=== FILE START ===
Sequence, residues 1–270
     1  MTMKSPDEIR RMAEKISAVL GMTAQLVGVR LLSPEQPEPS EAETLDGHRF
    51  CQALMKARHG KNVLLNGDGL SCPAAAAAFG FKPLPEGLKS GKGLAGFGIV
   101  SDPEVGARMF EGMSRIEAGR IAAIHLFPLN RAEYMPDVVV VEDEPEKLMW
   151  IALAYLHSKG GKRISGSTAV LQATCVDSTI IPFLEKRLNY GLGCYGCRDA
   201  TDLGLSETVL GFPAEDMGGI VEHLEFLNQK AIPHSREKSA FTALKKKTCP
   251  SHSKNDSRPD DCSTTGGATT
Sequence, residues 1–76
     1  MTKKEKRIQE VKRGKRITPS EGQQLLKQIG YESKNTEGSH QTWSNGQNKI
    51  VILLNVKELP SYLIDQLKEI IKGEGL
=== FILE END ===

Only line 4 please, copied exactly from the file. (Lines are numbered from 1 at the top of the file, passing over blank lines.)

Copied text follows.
   101  SDPEVGARMF EGMSRIEAGR IAAIHLFPLN RAEYMPDVVV VEDEPEKLMW